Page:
There have been some very interesting comments on the last two blogs and I’ll attempt to respond to some of them!
“I just work here! I don’t constantly judge my work”.
He advocates that you
“follow the brush, don’t keep imposing your will”.
While I definitely think that constantly judging would soon drive you batty (!) as well as dry up all creativity, there comes a point where you must stand back and evaluate.
Antoine de Saint-Exupery wrote that
“a designer knows he has achieved perfection not when there is nothing left to add but when there is nothing left to take away”.
To me this implies a cold hard look at every shape or mark (or word!) or sliver of stone to see if the piece is “just right”. I think true intuition is a high level of experience where the judgment has become somewhat automatic and instinctive. But I don’t see that as an instinct one is born with, rather a skill that has been honed over years! Think about writing – very few people, in fact probably no one!, can sit down and write a story that has everything you need to see the characters, follow the plot etc and nothing extra. If you read potboilers (and there are plenty of them out there – virtually the whole of a well known “best seller list”!), you will see all the extra comments, repetitions, unnecessary details like the kind of shoes the heroine wore, or fluff like “she took off her coat and hung it in the clothes cupboard on one of three matching coat hangers made of plastic”.
When you make a quilt, or a painting or whatever, you begin with a rough value sketch and a lot of possibilities, gradually you eliminate the ones that don’t work, or are superfluous, and find the elements that are absolutely necessary to the Main Idea. Your brain should be operating on all channels: where you have enough experience to work intuitively, then go with the flow, get in the zone! Where you are stuck, pull back and instead of floundering, helplessly grabbing at every bit of flotsam and jetsam!, (yes I’ve seen those quilts! and made them too!!) , get the analytic side of the brain going to help you find the next right step.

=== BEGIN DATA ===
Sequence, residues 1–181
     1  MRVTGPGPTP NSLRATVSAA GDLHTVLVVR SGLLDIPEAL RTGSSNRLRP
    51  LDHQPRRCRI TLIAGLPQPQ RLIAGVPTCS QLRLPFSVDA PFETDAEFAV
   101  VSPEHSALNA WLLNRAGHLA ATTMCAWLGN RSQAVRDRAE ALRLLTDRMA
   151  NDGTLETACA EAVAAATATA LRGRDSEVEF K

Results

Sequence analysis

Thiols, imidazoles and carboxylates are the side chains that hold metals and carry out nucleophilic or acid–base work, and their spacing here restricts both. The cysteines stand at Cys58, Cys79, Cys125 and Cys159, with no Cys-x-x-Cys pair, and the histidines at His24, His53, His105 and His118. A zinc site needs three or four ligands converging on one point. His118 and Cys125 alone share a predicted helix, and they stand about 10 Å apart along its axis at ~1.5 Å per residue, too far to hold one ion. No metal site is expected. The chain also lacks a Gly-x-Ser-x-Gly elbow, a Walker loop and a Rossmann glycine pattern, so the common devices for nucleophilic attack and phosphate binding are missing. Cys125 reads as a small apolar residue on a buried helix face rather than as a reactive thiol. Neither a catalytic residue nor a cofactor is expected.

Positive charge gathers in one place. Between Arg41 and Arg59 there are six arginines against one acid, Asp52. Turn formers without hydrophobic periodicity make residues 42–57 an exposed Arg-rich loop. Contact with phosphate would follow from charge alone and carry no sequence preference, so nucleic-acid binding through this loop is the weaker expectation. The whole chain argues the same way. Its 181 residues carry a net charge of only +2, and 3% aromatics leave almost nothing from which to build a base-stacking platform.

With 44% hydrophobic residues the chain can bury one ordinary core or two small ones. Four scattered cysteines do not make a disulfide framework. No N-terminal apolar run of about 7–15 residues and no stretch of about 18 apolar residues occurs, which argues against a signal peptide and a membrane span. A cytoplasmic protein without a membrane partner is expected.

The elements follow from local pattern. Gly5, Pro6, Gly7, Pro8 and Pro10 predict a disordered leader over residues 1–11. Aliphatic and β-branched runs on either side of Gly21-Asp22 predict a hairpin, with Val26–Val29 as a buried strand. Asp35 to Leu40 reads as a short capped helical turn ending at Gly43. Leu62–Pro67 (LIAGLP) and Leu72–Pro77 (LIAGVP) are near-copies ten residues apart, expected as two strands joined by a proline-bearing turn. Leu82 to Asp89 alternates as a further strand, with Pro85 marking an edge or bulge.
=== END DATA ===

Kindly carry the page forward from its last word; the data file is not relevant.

I also think it’s good to choose a point at which to stand back and evaluate the whole thing…for me that point is usually at the beginning of the day when I can see the piece with (somewhat) fresh eyes. “Ok, how is it looking?”
While I can’t find a sequence of in process pictures at present ( I take them, but then dump them!), I do have a couple I can use to illustrate some points.
Here's a start I made on one called "Beehive":
I kinda like the scattered feel here now and was fascinated to read that Wolf Kahn says he likes chaos!
"An artist should have the courage to celebrate mess - create chaos out of order! Order is too predictable..."
At the time, however, I was interested in the idea of the city being more like a beehive with all the little workers located in their own little channels within the hive, so I discarded some of the above elements and repeated others:
With the one below, I felt I had added in extra unnecessary extraneous and redundant (!) material since my main interest was in the rhythm of the chimney pots....so I cut off the bottom section and yes! I had not used my brain but just gone blindly ahead, and bound it and sewn a sleeve on the bottom, so all that had to come off too! But I do think the later version is much more concise.
I will try to take a series of process pictures on the next piece...at the moment it's just a bunch of sketches on the wall, and I'm trying to decide which one I find the most interesting and see if I dare to risk chaos!
and if you have been! thanks for reading,
Excellent! Very helpful! Thank you, thank you! Being intentional doesn't mean never responding to feelings and intuition; it means to actively evaluate those efforts along with the more rationally made ones. We're making art here, not tractors, but still, we need to learn how to see what we're doing. Thanks for teaching.
Your writings address what I've been trying for the past 6 months, trying to work intuitively initially, playing "like a 12-year-old," as someone in a class recently said. I let it rest overnight, and then bring in the analytical part, looking at composition, too much detail, etc. I reach a point that I like it, sew it together but not quilt it, and then put it away to revisit later. And this is when the trouble begins, because then I want to improve it more, to perhaps cut it up, add another figure, and so I'm reluctant to get on with quilting it. How do we know when to stop with the analysis and finish it?
After trying the rough sketch method this summer, I find it so useful. Before I was relying on intuition only when it came to my designs. What was happening though, was that I could "feel" a design would be weak but I would have no clue why. Now with taking hours roughly sketching a bunch of design possibilities, I can use my intuition AND the design elements to chose the one I want to explore more. I guess - for me - its always about balance. (go figure LOL!)
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